Our man's been looking at next year's majors over the festive period and here's the final one of the four - the Open Championship
"Having topped the European tour’s GIR stats table in 2017 and 18 and having ranked third in 2019, last year’s Open Championship runner-up, Tommy Fleetwood, makes plenty of appeal at an industry-best 25/1."
The 2020 Open Championship
Royal St George's, Sandwich, Kent
All four days live on Sky Sports
The final major of 2020 will be the 149th edition of the Open Championship, staged at Royal St George's in Kent for the 15th time.
Royal St George's has an extremely rich Open Championship history. It's 125 years since the tournament was first staged here and we've seen some illustrious winners. Harry Vardon won the third and the fifth of his six Open titles at Royal St George's more than 100 years ago, Walter Hagen won the first and third of his four titles here and Henry Cotton won the first of three victories here in 1934. Bobby Locke would take the title three more times after he'd won here in 1949, Sandy Lyle won the Open here in 1985, three years before he won the US Masters and Greg Norman won the second of his two Open titles here in 1993 but the last two winners have been far harder to spot...
Ben Curtis caused one of the biggest sporting shocks ever when he won the Open Championship here in 2003, having qualified courtesy of his 13th placed finish in the Western Open two weeks earlier. That was his best ever finish as a pro and at the age of 26 he was the first player to win the first major he'd played in since Francis Ouimet won the US open in 1913!
At 42 and playing in his 20th Open Championship, the 2011 winner at Royal St George's, Darren Clarke, contrasted starkly with Curtis, but he too was very much a surprise winner given he was matched at in excess of 299/1300.0 before the off.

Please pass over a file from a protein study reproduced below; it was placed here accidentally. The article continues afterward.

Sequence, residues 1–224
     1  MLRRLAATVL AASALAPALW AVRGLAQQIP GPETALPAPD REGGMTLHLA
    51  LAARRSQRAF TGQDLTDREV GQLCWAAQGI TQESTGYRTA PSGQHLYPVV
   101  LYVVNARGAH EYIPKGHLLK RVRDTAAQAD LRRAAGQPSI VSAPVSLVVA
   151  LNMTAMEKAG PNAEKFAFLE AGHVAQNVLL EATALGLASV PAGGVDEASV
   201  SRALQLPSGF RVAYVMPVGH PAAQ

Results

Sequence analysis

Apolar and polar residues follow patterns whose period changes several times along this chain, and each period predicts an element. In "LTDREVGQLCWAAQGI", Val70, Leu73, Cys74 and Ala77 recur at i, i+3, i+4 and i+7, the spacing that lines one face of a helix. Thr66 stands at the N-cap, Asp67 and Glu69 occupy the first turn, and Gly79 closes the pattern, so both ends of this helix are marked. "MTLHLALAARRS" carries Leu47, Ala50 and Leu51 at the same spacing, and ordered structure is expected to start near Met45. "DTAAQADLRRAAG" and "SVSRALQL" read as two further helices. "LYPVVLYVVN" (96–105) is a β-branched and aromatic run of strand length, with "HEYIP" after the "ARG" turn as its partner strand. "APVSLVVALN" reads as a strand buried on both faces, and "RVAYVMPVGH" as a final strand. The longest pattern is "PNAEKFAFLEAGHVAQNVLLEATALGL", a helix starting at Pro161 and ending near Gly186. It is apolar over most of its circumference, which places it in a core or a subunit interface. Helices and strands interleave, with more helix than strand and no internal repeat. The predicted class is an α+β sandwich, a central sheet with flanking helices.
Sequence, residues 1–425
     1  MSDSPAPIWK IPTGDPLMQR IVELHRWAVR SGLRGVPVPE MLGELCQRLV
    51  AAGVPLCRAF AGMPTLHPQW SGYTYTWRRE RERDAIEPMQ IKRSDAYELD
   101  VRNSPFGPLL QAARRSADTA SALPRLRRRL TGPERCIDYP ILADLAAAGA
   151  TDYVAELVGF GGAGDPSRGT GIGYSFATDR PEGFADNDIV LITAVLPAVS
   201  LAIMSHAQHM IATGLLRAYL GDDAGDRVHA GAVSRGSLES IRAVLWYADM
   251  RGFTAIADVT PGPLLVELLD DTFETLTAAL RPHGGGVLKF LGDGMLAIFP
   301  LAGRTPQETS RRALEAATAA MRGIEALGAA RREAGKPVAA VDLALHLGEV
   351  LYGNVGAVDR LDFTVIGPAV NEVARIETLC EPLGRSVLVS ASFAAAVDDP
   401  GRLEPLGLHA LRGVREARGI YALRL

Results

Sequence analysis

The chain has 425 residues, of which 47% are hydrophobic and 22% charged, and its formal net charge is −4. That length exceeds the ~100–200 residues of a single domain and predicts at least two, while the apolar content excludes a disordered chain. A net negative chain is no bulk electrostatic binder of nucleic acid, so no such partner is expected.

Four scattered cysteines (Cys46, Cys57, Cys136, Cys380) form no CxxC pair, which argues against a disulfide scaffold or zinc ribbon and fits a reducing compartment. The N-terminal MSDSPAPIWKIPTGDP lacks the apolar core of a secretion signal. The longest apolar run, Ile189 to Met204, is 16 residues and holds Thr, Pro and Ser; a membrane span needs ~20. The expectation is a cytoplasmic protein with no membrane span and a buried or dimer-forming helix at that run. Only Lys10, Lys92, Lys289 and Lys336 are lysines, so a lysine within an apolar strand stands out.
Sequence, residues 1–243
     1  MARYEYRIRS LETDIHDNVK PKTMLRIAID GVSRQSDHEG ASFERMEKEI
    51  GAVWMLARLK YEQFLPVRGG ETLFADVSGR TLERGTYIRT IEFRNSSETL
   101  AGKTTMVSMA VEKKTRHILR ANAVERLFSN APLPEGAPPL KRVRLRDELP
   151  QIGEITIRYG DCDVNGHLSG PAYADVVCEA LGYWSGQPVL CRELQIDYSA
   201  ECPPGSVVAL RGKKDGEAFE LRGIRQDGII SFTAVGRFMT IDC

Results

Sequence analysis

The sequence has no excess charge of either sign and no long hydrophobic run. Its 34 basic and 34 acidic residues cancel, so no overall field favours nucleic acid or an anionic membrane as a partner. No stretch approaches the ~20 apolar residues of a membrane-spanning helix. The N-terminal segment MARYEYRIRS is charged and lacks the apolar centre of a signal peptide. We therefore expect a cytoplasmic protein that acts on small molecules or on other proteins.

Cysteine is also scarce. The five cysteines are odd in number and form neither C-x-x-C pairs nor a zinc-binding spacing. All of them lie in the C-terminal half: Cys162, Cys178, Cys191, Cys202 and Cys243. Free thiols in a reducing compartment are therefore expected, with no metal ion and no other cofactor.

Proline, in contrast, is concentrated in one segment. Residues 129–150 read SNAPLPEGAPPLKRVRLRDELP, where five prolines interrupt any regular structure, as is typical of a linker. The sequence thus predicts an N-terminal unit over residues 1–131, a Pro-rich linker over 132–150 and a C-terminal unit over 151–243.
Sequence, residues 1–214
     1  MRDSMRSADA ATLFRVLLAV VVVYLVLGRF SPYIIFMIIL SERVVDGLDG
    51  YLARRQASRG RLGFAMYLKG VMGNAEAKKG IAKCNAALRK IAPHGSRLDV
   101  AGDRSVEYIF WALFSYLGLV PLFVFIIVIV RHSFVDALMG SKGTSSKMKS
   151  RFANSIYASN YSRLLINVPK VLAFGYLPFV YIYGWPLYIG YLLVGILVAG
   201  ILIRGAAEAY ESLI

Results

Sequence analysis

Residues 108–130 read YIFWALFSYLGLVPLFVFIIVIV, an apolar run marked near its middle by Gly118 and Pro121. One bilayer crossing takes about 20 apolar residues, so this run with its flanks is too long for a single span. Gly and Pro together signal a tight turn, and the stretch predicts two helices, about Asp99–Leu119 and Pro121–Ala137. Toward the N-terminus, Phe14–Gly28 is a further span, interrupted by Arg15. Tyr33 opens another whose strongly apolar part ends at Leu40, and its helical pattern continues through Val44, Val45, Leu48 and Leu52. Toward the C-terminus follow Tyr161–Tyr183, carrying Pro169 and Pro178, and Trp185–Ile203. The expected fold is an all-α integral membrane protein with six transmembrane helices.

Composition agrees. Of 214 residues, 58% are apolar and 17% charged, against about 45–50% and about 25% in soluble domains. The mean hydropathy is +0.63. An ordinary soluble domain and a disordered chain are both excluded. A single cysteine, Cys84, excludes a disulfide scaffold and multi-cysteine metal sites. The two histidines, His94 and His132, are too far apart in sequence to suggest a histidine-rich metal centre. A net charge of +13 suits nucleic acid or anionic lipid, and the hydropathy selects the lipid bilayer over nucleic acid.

Outsiders have a decent record in the Open and this year's winner, Shane Lowry was matched at a high of 139/1140.0 before the off so given the last two results here, don't be afraid to back an outsider but they may need to be from the UK and they may need to have finished inside the top-ten at an Open Championship previously.
Looking back, ten of the last 11 winners have finished inside the top-ten previously and given they play so much golf on a links course, the home contingency has a decent record too - six of the top-nine this year were either English, Irish or Scottish.
If the last two renewals at Royal St George's are anything to go by, Greens In Regulation is going to be a key stat in July. Curtis only ranked 16th but Thomas Bjorn, who threw the title away when he took three attempts to extricate himself from the greenside bunker at the 16th on Sunday, ranked first and the man alongside him in a tie for second, beaten by just a stroke, Vijay Singh, ranked tied for third for GIR. As did Davis Love III who finished tied for fourth.
In 2011, Darren Clarke ranked second for GIR and the two Americans to finished tied for second, who both looked like winning at various stages in round four, Phil Mickelson and Dustin Johnson, ranked third and sixth. The man who topped the GIR stats in 2011 was Love, who finished ninth.
Given Americans have fared so well at Royal St George's, Dustin Johnson will be on many people's shortlists. He traded at odds-on before he drove out of bounds on the par five 14th to record a double-bogey seven in 2011 but he hasn't figured in an Open Championship since finishing 49th at St Andrews in 2015, having led by a stroke at halfway, and he's proving expensive to follow in majors.
Having topped the European tour's GIR stats table in 2017 and 18 and having ranked third in 2019, last year's Open Championship runner-up, Tommy Fleetwood, makes plenty of appeal at an industry-best 25/1 with six places on offer with the Sportsbook but the one I like at this early stage is fellow Englishman, Tyrrell Hatton.
Hatton missed his first four Open cuts before finishing fifth in 2016 and he finished sixth behind Lowry in July, despite being in poor form before the off. He's a two-time winner of the Alfred Dunhill Links Championship and having won the Turkish Airlines Open in November, his first triumph in more than two years, he could just be primed for a stellar year.
Given his links pedigree and his still as yet not fully tapped potential, the industry-best price of 70/1 with the Sportsbook looks generous enough for an opening gambit.
I'll be back on Monday with my Sentry Tournament of Champions preview.
Tyrrell Hatton @ 70/1 each-way (Sportsbook)
*You can follow me on Twitter @SteveThePunter